New pet care company ‘has your tail covered’

Kristen Duffy sits on the porch of her house with Porkchop, a 5-year-old American Boxer, Monday afternoon. Duffy, a 2002 graduate of the College of Business, recently opened a pet day care service out of her home. Fetch! Pet Care provides services to pets Erica Magda

By April Dahlquist

After graduating in 2002 with a degree in Accountancy, Kristen Duffy has returned to Champaign, not as a student but as an entrepreneur.

On Oct. 8, Duffy opened a branch of Fetch! Pet Care, which provides pet care services to anyone in the area.

Although she was working at Ernst & Young, one of the “Big Four” auditors, Duffy was tired of her desk job and wanted to try something new.

Despite the struggles of opening a franchise, finding her own insurance and underestimating financial costs, Duffy was able to get Fetch! up and running with the hope of breaking even within the first year.

“I actually work harder now than I did in accounting,” Duffy said.

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    Having two cats of her own, Duffy knows how tough it can be to find a pet sitter at the last minute, which is why she thought Fetch! would be a handy service for students.

    “If students are at class all day, then you don’t want to leave an animal in a small apartment,” Duffy said. “Or students who don’t live around here and want to go home for the holidays, instead of driving there with the pet or putting him on a plane, it’s easier and less stressful on the animal if you can leave the animal in their own environment and let the pet sitter come around.”

    However, Fetch! isn’t the only pet service in Champaign for students to use. Craigslist offers a variety of pet-sitting companies as well as students just looking for pet-sitting opportunities.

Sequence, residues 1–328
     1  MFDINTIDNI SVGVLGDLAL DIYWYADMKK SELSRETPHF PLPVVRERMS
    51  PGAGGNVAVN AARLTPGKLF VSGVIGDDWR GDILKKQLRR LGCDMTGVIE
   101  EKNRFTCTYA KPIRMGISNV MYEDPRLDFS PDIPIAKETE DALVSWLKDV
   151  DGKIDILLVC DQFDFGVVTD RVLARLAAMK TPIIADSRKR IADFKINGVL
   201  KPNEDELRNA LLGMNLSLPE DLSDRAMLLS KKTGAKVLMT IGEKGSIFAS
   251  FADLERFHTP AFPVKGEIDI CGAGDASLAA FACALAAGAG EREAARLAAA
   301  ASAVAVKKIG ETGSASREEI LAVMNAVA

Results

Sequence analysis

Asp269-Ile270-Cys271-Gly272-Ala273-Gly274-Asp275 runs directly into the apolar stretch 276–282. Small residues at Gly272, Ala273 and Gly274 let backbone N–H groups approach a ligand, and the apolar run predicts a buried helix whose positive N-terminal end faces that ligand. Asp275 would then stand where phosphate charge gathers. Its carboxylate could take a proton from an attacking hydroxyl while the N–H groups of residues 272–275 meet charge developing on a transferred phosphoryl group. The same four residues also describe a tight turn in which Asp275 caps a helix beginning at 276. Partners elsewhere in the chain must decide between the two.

The owner of Critter Sitters ‘R Us, Sherry Smith-Stanford, lives in Sidney, Ill., and she will travel within a 15-mile radius to her clients. Having 22 pets of her own, pet care takes up a lot of her time.

    Duffy, however, is not concerned by the number of competing companies. She said pet-sitting is a huge market with room to grow, explaining that two-thirds of Americans own pets, but only 5 percent use pet services.

    “I think there are enough pets out there for everybody and enough work to go around,” Smith-Stanford said.

    Gas prices, however, became a problem for companies because of all the travel time involved. Smith-Stanford invested in a Smart car so she could get more miles to the gallon.

    “It was getting pretty bad,” Smith-Stanford said. “If I would come into Champaign it would take a full gallon of gas to make the full trip there and back which is $5 right out of my pay. I make three trips to Champaign a day, which can really add up.”

    One company, 3 PhD’s Petsitting, went out of business in June because of the high gas prices, Duffy said. Using this information to her benefit, Duffy hired pet sitters who live in Champaign, Urbana, Mahomet and Savoy, so driving long distances is never a major issue.

    Duffy explains that Fetch! is different than other pet companies because they “always have your tail covered.” With a staff of pet sitters, someone will always be able to come, even if the customer calls at the last minute. Also, they always have backup sitters in case something happens to the first sitter.

    “Some companies are just one person running it, and if you’re just one individual you can only take in so many dogs,” Duffy said.

    Junior in Education Jenny Linsenmeyer has already used Fetch! Pet Care and felt her dog was treated very well.

    “I looked at other people on Craigslist, but she got back to me right away so the promptness was appreciated,” Linsenmeyer said. “She was just really outgoing, she had a lot of information, she knew her stuff and was ready to meet the dog that day.”

    Regardless of the financial drain of starting a business, Duffy is donating 8 percent of monthly profits to Champaign County Humane Society, Champaign County Children’s Advocacy Group and the Crisis Nursery Urbana-Champaign.

    “I’m into giving back to the community and making sure everything stays in Champaign,” Duffy said. “I think that is important in a community; looking out for kids and homeless animals, those that can’t take care of themselves.”